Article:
By Diane GreenbergPrint
March 27, 2009
Physicists working at the Relativistic Heavy Ion Collider (RHIC) are exploring the puzzle of proton spin as they begin taking data during the 2009 RHIC run. For the first time, RHIC is running at a record energy of 500 giga-electron volts (GeV) per collision, more than double the previous runs in which polarized proton beams collided at 200 GeV.
Steven Vigdor, Associate Laboratory Director for Nuclear and Particle Physics, said, "Physicists are interested in this higher energy because they can make measurements of polarized proton spin over an extended range of momentum of the quarks and gluons inside the proton. In particular, RIKEN physicists are interested in it because it will help them to meet a performance milestone they set for 2011 - the first measurements of W boson production in polarized proton collisions."
W bosons are massive subatomic particles that can only be produced with interesting rates at the new RHIC energy range of 500 GeV. Vigdor explained that finding these particles would provide insight into the spin preferences of "sea quarks," which are quark-anti-quark pairs that pop into and out of existence in protons. In addition to three regular quarks that are always present in protons, and to the abundant gluons that have been the primary target of RHIC polarized proton runs to date, these effervescent sea quarks make up the proton structure.
Physicists have long wondered why the overall spin of a proton cannot be accounted for by summing the spin preferences of its component quarks and antiquarks. Experiments have shown that these quarks and antiquarks combine to account for only 20-30 percent of the proton's spin. One view is that gluons account for the missing spin, a theory that is being tested at RHIC. With the higher energy polarized proton run, the PHENIX and STAR experiments will begin to determine in detail how sea quarks contribute to proton spin, while also sampling the gluon spin contribution at lower momenta than have been previously accessible.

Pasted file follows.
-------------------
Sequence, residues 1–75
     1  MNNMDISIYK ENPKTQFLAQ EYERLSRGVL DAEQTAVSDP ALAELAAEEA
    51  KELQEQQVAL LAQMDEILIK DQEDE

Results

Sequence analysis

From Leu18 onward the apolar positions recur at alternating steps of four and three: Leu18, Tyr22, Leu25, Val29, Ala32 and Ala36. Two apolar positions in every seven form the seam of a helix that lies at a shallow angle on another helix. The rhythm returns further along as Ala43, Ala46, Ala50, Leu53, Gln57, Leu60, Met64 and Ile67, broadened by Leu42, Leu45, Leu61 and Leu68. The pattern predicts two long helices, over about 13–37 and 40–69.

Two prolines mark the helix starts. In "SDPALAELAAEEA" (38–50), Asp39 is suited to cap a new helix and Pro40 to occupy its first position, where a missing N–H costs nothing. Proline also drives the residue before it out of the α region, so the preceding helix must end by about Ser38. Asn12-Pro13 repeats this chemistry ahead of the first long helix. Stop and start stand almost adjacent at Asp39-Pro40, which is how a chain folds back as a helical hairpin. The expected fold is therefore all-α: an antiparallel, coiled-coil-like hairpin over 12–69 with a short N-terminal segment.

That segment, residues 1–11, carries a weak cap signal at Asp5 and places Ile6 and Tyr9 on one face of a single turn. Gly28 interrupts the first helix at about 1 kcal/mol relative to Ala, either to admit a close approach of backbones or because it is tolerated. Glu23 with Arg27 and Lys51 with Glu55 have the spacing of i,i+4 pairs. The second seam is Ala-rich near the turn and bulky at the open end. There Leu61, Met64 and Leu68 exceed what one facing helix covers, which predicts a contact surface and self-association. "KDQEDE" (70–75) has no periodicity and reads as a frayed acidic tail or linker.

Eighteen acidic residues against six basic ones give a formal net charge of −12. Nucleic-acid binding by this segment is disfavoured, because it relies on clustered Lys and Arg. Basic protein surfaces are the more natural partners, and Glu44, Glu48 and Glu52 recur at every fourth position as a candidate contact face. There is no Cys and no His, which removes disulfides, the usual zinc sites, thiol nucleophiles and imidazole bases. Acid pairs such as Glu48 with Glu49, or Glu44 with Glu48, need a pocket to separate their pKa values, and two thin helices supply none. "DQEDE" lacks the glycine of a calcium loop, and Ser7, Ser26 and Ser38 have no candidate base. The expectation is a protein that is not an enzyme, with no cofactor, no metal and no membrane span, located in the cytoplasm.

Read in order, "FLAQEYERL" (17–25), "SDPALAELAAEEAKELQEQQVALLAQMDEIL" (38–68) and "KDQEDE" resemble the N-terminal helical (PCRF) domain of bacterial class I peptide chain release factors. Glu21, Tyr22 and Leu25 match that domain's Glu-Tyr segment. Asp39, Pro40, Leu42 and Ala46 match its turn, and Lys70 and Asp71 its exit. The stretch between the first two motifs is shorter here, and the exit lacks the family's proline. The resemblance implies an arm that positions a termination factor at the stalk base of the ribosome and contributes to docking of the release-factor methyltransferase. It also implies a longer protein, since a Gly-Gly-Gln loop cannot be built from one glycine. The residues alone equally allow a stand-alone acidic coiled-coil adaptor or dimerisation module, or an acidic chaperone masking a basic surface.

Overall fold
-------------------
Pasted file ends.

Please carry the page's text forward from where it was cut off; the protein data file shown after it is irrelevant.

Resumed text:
RHIC is expected to run until at least mid-April, but if Congress passes the Omnibus bill, it will run until the end of June. To prepare for this run, RHIC operations personnel have been working around the clock to make several significant improvements to the accelerator.
A diagram of the Relativistic Heavy Ion Collider (RHIC) complex at Brookhaven National Laboratory. The complex is composed of several accelerator facilities "chained" together to provide beams which are collided in detectors located inside the RHIC ring.
"It typically takes three weeks to get RHIC set up and ready for experiments," said the Collider-Accelerator Department's Fulvia Pilat, head of RHIC operations. "We started cooling down the machine to 4 kelvins on February 2, and then got beams circulating a week later. By the third week, the beams were colliding. Physics production starts soon afterwards."
Data are taken continuously, interrupted only for beam development or beam experiments to improve RHIC's performance or for machine maintenance. More than 1,000 physicists from around the world participate in RHIC data-taking and analysis, and about 350 operations personnel keep RHIC running at its optimum capacity.
"We have operations personnel working 24-hours-per-day, seven-days-per-week in the main control room and at the RHIC site," Pilat said. "We also have a coordinator for every RHIC run who oversees the run and is responsible for delivering the machine performance that is agreed upon for experiments. This year, Mei Bai [C-AD] is the run coordinator, and she is basically on call all the time."
For this run, RHIC has an upgraded polarimeter to measure the degree of polarization - that is, the extent to which protons are all spinning in the same direction. It is this spin-alignment that allows scientists to tease out the factors that contribute to overall proton spin. The polarized proton injectors have also been improved to deliver or exceed a polarization of 60 percent. In addition, a new transverse stochastic cooling system increases the rate of particle collisions. For more information on the stochastic cooling system, see: http://www.bnl.gov/bnlweb/pubaf/pr/PR_display.asp?prID=08-09.
2009-1138 | INT/EXT | Media & Communications Office